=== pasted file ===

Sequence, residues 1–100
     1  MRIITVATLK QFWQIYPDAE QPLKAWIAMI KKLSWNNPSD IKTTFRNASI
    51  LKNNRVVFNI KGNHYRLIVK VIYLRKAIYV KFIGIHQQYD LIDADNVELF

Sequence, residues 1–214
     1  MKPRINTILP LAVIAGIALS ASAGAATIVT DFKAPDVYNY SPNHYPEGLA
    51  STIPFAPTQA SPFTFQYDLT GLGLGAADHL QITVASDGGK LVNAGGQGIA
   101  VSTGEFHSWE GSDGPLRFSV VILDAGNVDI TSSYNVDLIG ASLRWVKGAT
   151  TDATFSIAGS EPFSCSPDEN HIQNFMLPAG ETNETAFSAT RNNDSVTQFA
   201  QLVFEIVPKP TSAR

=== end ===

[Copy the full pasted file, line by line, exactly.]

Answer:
Sequence, residues 1–100
     1  MRIITVATLK QFWQIYPDAE QPLKAWIAMI KKLSWNNPSD IKTTFRNASI
    51  LKNNRVVFNI KGNHYRLIVK VIYLRKAIYV KFIGIHQQYD LIDADNVELF

Sequence, residues 1–214
     1  MKPRINTILP LAVIAGIALS ASAGAATIVT DFKAPDVYNY SPNHYPEGLA
    51  STIPFAPTQA SPFTFQYDLT GLGLGAADHL QITVASDGGK LVNAGGQGIA
   101  VSTGEFHSWE GSDGPLRFSV VILDAGNVDI TSSYNVDLIG ASLRWVKGAT
   151  TDATFSIAGS EPFSCSPDEN HIQNFMLPAG ETNETAFSAT RNNDSVTQFA
   201  QLVFEIVPKP TSAR